New Perspectives on High Dimensional Inference
This event is part of the Biophysics/Condensed Matter Seminar Series.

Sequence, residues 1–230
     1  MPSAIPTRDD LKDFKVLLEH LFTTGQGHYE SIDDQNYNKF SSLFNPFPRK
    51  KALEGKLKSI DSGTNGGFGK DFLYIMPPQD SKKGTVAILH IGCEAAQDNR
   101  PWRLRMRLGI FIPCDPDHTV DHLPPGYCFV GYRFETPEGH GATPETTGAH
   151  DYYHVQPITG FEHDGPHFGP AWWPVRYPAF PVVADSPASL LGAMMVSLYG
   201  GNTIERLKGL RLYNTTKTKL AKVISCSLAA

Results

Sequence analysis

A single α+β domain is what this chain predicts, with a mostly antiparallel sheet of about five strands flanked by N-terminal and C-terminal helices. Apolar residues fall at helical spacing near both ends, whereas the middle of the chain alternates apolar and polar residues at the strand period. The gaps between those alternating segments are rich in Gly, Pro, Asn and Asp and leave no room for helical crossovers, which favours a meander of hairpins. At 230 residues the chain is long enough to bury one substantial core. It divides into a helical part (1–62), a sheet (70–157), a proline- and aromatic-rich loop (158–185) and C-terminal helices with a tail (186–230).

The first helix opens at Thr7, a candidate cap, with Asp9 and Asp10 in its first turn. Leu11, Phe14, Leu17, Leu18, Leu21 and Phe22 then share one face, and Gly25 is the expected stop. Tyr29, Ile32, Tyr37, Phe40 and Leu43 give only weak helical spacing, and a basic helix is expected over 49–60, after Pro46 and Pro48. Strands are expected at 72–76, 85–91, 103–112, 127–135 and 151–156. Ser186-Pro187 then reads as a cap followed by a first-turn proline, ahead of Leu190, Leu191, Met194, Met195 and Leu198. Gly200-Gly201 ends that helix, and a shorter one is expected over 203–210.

To model modern large-scale datasets, we need efficient algorithms to infer a set of P unknown model parameters from N noisy measurements. What are fundamental limits on the accuracy of parameter inference, given limited measurements, signal-to-noise ratios, prior information, and computational tractability requirements? How can we combine prior information with measurements to achieve these limits? Classical statistics gives incisive answers to these questions as the measurement density approaches infinity. However, modern 'big data' problems are often high-dimensional: have finite measurement density (N/P). This regime is important for a variety of fields and to study it we formulate and analyze high-dimensional inference as a problem in the statistical physics of quenched disorder. This analysis reveals that widely cherished Bayesian inference algorithms are suboptimal, and yields tractable, optimal algorithms to replace them.